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Network: Faculty and Staff Resources

The link between stress and pregnancy

Using what we know to ask more questions about stress and pregnancy

Professor Coussons-Read studies how changes in the immune system related to stress can affect pregnancy

Society in general has come a long way in accepting and better understanding how stress, social support and cultural factors can affect health.

Mary Coussons-Read, PhD, professor in Psychology and associate vice chancellor for Research at CU Denver, continues to look at how changes in the immune and endocrine systems related to external stress can affect pregnancy and birth outcomes.

“The next logical step is to use our existing research to further explore what approaches and treatments could be most helpful to addressing pregnancy outcomes,” said Coussons-Read.

To move forward, Coussons-Read was awarded a Center for Faculty Development grant to develop and conduct new intervention-focused research. This effort includes collaboration with colleagues at The Ohio State University (OSU) focused on using behavioral intervention to prevent negative effects of prenatal stress on pregnancy.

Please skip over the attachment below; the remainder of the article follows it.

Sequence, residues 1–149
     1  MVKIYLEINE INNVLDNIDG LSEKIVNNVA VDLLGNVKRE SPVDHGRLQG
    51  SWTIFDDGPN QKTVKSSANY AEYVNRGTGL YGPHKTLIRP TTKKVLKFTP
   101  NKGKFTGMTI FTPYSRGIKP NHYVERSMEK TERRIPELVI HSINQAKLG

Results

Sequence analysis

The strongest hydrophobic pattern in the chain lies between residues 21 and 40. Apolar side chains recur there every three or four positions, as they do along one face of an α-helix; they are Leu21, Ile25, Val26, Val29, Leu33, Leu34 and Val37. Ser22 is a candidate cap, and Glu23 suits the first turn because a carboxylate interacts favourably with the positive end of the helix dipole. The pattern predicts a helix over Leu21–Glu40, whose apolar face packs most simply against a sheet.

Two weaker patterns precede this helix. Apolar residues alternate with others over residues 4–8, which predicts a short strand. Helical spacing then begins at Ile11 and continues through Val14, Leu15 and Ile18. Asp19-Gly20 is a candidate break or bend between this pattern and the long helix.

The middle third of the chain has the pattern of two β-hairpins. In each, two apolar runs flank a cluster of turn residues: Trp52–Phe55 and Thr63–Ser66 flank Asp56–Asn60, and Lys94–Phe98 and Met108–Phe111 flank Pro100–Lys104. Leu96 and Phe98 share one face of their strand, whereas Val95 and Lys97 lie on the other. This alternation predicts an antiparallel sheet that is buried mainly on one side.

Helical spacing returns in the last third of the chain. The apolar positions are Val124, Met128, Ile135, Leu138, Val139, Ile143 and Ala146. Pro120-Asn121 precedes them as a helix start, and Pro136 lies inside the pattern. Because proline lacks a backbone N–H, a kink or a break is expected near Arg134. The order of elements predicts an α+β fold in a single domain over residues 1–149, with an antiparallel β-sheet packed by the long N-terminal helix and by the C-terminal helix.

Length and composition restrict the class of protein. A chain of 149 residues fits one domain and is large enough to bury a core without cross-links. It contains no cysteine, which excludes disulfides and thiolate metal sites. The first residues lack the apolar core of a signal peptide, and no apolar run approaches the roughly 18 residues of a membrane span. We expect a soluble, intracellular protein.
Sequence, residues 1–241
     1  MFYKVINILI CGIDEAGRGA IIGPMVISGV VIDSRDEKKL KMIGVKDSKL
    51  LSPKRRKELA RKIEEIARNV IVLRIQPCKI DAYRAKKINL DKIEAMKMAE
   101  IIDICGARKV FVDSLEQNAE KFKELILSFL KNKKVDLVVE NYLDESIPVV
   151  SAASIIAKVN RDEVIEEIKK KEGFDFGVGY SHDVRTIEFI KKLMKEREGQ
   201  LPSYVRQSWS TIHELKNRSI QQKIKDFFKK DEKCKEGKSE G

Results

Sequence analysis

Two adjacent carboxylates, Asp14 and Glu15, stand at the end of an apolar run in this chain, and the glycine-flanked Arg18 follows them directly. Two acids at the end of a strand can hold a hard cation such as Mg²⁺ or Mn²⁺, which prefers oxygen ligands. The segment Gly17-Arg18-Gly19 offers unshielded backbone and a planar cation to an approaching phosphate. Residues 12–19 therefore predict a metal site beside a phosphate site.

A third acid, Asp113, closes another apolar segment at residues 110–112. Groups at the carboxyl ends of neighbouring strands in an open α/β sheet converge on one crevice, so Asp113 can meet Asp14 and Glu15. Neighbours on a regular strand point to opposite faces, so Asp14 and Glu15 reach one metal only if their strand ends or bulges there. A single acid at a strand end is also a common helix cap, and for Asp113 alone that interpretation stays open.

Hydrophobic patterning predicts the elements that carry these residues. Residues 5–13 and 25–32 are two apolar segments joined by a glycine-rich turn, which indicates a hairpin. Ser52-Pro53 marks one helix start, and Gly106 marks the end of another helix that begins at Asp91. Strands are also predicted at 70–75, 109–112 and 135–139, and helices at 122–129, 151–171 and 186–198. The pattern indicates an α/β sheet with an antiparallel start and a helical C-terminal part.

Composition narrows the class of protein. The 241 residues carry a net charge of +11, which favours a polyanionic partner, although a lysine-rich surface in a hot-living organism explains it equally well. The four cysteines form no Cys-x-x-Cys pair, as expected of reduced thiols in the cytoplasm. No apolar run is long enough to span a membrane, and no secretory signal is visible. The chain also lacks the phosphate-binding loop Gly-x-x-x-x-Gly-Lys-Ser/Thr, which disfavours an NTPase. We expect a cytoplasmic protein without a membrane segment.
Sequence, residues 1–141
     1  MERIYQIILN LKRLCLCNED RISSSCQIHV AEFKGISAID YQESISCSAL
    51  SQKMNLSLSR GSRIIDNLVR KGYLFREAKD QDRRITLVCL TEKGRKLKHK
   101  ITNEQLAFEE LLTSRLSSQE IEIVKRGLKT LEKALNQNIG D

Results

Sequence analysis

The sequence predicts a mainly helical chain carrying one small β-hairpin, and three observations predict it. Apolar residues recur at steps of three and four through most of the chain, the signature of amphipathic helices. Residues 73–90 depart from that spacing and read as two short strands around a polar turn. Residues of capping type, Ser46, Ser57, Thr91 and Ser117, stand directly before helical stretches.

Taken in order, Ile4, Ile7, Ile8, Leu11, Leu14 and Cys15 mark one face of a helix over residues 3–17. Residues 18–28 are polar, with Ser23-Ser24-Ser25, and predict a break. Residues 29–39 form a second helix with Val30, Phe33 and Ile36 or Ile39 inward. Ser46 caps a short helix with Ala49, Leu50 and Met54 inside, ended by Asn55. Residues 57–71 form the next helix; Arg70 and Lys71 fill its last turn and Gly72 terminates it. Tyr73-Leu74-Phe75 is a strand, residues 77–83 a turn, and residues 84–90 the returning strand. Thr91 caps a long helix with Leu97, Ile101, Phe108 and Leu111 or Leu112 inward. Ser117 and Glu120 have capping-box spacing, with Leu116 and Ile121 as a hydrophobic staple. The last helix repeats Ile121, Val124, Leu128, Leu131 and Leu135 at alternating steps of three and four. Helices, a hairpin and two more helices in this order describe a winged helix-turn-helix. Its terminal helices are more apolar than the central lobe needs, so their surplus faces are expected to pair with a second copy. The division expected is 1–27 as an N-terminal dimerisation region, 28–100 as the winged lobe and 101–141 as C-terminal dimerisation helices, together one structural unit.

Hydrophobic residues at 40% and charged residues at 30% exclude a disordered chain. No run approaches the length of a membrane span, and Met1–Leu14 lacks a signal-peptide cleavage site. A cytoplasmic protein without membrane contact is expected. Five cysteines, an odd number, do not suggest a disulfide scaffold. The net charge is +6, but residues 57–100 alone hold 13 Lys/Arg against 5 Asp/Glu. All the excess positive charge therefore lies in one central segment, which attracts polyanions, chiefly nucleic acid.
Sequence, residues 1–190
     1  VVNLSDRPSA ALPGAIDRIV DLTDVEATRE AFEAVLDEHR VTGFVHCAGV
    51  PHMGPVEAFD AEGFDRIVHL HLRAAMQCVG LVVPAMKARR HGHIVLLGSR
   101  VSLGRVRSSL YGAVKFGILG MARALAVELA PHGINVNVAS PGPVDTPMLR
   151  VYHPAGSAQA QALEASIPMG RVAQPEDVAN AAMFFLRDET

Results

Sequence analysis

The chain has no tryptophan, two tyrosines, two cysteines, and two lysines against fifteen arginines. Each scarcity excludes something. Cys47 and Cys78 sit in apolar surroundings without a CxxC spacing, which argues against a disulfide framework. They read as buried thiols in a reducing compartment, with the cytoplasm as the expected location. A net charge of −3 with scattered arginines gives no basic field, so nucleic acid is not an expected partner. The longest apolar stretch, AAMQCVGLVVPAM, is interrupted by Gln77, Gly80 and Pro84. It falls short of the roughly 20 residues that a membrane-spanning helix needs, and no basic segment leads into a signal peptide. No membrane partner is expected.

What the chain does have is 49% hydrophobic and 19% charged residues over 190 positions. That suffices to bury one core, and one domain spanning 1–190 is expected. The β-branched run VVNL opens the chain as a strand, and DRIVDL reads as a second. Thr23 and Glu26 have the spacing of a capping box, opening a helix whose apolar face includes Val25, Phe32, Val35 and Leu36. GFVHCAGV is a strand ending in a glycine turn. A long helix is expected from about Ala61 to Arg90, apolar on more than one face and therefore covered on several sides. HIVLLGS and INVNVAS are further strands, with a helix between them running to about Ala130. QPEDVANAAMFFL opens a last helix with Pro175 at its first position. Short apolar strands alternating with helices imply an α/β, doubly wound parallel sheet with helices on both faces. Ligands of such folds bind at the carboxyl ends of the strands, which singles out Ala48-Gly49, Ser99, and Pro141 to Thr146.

The research will involve several dozen women – half of the participants Caucasian and half English-speaking Latina – during their first trimester of pregnancy. Using the Low Dose Mindfulness-Based Stress Reduction intervention (MBSRld) developed by Maryanna Klatt, PhD, women will learn how to reduce stress and take a  more mindful approach to their health during pregnancy. During the six-week MBSRld program, participants meet weekly in group sessions to learn and practice techniques of mindfulness, gentle yoga and relaxation. Blood samples will be collected from participants during regularly scheduled prenatal blood tests to assess levels of stress hormones and other biomarkers that are associated with stress and preterm birth. The MBSRld approach has proven effective in reducing stress, improving quality of life, and supporting patient mental health among cancer survivors and other clinical populations.

Results of this research are expected to be analyzed mid-2012 in anticipation of submitting a proposal for additional funding support through other agencies.